Costa Rica is located in a narrow strip of Central America, bordered by the Caribbean Sea to the east and the North Pacific Ocean to the west, with a coastline of 1,290 km (212 km of Caribbean Sea on the east coast and 1,016 km of Pacific Ocean on the west coast). Costa Rica’s coast is bordered by plains and separated by rugged mountains in the center. The country has declared its exclusive economic zone to be 200 nautical miles and its territorial sea to be 12 nautical miles. The climate is tropical and subtropical, and partly neotropical.

History of coffee
Costa Rica is the 14th largest coffee producer in the world, with a global market share of about 1%. Costa Rica’s volcanic soil is very fertile and well-drained, and was the first country in Central America to grow coffee and bananas for their commercial value. Coffee and bananas are the country’s main export commodities.

Coffee was first brought from Cuba to Costa Rica in 1779, and was first produced commercially in 1808 and exported for the first time in 1820.

In 1825, the Costa Rican government introduced tax exemptions, and the “coffee growers’ plots” were introduced to encourage the population to start growing coffee, and from this time on the coffee industry grew rapidly in Costa Rica. 1843 saw the first export of Costa Rican coffee to England, and in 1860 it was successfully sold to the United States.

In the 1900s Brazil, Honduras and Guatemala joined the race for the coffee market, which became increasingly competitive in terms of price. Costa Rica’s national coffee association, the Costa Rican Coffee Institute (ICAFE), was founded in 1933. This organization assists in the commercial and agricultural development of the coffee industry.

The Second World War in 1945 brought major changes to the Costa Rican coffee industry. Costa Rica used to be the largest supplier of coffee beans to the United Kingdom, but with the outbreak of the war, the United Kingdom stopped importing Costa Rican coffee beans, creating a major blow.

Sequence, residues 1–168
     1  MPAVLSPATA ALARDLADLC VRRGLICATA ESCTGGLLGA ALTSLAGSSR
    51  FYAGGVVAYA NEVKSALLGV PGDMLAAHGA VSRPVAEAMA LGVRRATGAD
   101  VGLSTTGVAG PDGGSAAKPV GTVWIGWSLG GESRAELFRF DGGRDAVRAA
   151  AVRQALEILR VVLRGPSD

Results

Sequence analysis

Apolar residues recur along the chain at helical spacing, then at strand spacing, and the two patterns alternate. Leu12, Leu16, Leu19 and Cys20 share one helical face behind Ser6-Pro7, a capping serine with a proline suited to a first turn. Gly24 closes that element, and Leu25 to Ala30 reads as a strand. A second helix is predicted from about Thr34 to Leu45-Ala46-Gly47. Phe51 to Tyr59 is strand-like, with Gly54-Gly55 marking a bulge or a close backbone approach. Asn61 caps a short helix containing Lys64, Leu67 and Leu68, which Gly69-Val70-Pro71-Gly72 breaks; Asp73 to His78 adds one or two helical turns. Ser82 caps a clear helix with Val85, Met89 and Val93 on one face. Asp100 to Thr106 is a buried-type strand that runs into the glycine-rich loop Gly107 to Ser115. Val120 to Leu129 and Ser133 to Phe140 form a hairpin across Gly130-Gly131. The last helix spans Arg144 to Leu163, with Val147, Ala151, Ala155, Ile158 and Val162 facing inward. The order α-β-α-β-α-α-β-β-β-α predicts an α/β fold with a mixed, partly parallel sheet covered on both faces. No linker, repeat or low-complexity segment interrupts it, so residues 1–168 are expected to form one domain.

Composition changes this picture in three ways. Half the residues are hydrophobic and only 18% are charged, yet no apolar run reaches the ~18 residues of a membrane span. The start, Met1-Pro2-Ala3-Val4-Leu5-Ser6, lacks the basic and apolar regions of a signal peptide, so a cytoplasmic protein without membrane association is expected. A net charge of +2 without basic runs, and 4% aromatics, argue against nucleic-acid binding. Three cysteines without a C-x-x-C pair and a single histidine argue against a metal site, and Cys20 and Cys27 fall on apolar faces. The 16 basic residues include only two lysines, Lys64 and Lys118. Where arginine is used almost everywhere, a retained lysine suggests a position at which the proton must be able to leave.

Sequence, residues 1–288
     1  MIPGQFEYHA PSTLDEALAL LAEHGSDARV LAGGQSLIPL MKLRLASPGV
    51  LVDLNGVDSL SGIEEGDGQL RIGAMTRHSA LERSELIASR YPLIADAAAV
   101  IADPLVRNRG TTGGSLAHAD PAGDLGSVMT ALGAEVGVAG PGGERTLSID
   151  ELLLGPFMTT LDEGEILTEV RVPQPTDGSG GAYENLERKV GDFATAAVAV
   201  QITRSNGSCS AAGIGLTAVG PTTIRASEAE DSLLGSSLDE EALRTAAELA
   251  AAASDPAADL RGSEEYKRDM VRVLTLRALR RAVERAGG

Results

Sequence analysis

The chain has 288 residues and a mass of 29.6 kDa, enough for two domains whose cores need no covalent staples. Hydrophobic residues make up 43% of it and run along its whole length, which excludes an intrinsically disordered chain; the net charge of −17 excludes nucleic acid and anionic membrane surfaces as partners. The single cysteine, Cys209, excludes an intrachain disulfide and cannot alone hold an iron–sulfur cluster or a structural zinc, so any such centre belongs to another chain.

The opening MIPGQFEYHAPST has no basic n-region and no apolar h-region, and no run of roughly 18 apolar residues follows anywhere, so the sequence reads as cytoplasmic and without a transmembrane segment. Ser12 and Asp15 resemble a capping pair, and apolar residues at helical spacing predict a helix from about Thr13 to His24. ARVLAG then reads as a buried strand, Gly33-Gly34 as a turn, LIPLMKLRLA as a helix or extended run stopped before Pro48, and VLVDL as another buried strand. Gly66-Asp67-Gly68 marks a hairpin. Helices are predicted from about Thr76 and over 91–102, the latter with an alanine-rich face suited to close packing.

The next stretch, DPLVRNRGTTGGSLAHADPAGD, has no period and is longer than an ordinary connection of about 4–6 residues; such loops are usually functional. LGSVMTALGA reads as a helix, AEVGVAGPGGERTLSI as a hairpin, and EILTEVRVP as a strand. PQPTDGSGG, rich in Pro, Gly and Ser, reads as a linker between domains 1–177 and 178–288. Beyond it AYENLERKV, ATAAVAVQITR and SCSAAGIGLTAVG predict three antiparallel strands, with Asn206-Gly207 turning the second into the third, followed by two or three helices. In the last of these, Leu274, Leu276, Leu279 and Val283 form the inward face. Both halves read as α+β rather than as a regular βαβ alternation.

A plague of coffee trees hit Central American coffee farms in the 1980s, killing millions of trees and dealing another blow to the coffee industry until the mid-1990s, when coffee production rebounded significantly but prices were not what they used to be.

Costa Rica passed a law in 1989 that prohibited farmers from growing Robusta. In 2000, although the value of coffee beans was not as high as it had been in the past, coffee was still booming in Costa Rica and coffee farmers were able to invest in their own post-harvest processing equipment, so they were able to process most of their own coffee. Coffee production has also increased significantly.

Coffee growing
Costa Rica has a tropical and subtropical climate, with a rainy and dry season throughout the year. The volcanic soil is fertile, with low acidity and good drainage, and more than 80% of the coffee growing area is located at 800 – 1600 meters above sea level, with temperatures between 17 – 28°C and annual rainfall of 2000 – 3000 mm. Fertile soils, mild and moderate temperatures, and stable and abundant rainfall are essential factors for growing good coffee.

The Costa Rican coffee industry is divided into four sectors: growers, processors, exporters and roasters: growers have legal ownership of the development of coffee plantations and are responsible for delivering the harvest to processors; processors receive the coffee and process, sell and trade it; exporters are responsible for contacting foreign countries and supplying large quantities of coffee to importers and roasting companies in the main consuming countries; and roasters are responsible for roasting, grinding or finishing the coffee.

There are 29,918 coffee growers in the country, of which 25,812 are small-scale growers, accounting for 86.3% of the total growers, and the total production of small-scale growers accounts for 29.3% of the total coffee beans produced in the country.